Many sellers — and their real estate agents — don’t like VA loans because they believe these mortgages make it harder to close or more expensive for the seller.
But those issues are largely myths stemming from the past. VA loans have changed a lot in recent years and now, they’re generally no more difficult or expensive for sellers than any other loan.
The most common myths are that VA loans:
- Are less likely to close than other types of mortgages
- Take ages to reach closing
- Have appraisers who are slow and routinely undervalue homes
- Require sellers to cover all the buyer’s closing costs
None of those apply today.
VA loans only take a few more days to close than conventional loans on average. And the idea that sellers must pay closing costs for VA buyers is simply untrue. In short, there’s no reason a seller should reject a purchase offer simply because it is a VA loan. But, due to misinformation, some might anyway.
Many Veteran’s long to own a home and although they can qualify for a loan, in today’s market, it feels nearly impossible to achieve their American Dream of owning a home. Why? VA loans do not favor well with sellers in the home offer process.
MYTH #1: Can a seller discriminate against a VA loan?
In short, yes. There are plenty of laws that ban discrimination in housing on many grounds. But none of them covers mortgage types. So, a seller might choose an offer with another mortgage type, like a conventional loan, over a VA loan if they wish.
MYTH #2: VA loans are less likely to close than other types of mortgages.
Not really. There is only a few percentage points difference between the failure rates of all the different types of mortgage applications. And VA loans are usually somewhere in the middle. Though, VA loans close at nearly the same rate as conventional loans — and at a slightly better rate than FHA mortgages.
- About 79% of all home purchase loans close
- 77.7% of VA purchase loans close
- 79.4% of conventional loans close
- 76.6% of FHA loans close
So, there’s always a small risk of a mortgage being denied at the last minute. But that risk is not significantly higher for VA loans than for other types of home loans.
MYTH #3: Does it take a VA loan longer to close?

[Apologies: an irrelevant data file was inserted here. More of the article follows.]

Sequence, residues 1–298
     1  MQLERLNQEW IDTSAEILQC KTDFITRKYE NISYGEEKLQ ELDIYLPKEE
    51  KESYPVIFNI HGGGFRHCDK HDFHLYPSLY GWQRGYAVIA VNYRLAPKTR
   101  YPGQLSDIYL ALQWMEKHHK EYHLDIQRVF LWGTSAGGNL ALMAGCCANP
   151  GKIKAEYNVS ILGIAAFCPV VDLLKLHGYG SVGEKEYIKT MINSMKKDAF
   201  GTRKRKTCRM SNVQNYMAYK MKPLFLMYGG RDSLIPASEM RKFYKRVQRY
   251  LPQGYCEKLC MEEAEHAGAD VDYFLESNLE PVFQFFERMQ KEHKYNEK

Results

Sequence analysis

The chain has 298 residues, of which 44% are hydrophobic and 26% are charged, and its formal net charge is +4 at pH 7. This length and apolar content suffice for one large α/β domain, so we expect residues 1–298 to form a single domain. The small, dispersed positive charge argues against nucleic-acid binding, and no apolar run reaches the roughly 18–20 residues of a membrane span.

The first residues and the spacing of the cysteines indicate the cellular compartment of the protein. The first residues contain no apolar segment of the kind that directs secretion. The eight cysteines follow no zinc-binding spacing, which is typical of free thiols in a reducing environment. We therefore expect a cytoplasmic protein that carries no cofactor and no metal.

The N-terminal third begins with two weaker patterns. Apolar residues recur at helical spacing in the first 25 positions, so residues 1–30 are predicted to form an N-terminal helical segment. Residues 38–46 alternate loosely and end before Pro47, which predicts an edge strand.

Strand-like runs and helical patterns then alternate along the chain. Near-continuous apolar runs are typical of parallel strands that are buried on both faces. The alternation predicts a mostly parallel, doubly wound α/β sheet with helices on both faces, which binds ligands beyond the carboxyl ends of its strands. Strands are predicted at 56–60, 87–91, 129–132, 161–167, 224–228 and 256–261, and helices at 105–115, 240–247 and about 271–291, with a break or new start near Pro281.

According to the data, yes, it does sometimes take slightly longer for VA loans to close. But the emphasis is on the “slightly.” The average times to close a home purchase loan were as follows:
- VA loan — 57 days
- Conventional loan — 49 days
- FHA loan — 55 days
So, it only takes about 6-8 days longer, on average, to close a VA loan than a conventional mortgage. And if you’re making a competitive offer on a home — especially if it’s the best offer on the table — those 6 days shouldn’t be a huge concern for most sellers.
MYTH #4: Are VA loans more difficult for sellers?
Not really. They used to be more difficult in the past, but the VA has eased up on many rules that made things tougher for sellers. Now, the idea that VA loans take a lot longer to close or are more expensive for the seller is only a myth.
MYTH #5: Do VA loans cost more for sellers?
Absolutely not. Sellers do not pay any of the buyer’s mortgage costs unless they CHOOSE to help cover closing costs. A few VA loan closing costs cannot be charged to the buyer. But nowadays lenders typically pick up that tab.
MYTH #6: VA loans require sellers to cover all the buyer’s closing costs.
Not by default. A seller will only pay the buyer’s closing costs if they agree to do so — and that usually only happens in a buyer’s market. In today’s strong seller’s market, it’s very unlikely a seller would end up paying the buyer’s closing costs. Borrowers with VA loans have no more power to make a seller pay their closing costs than any other homebuyer.
Myth #7: VA loan appraisals are strict, slow, and undervalue homes.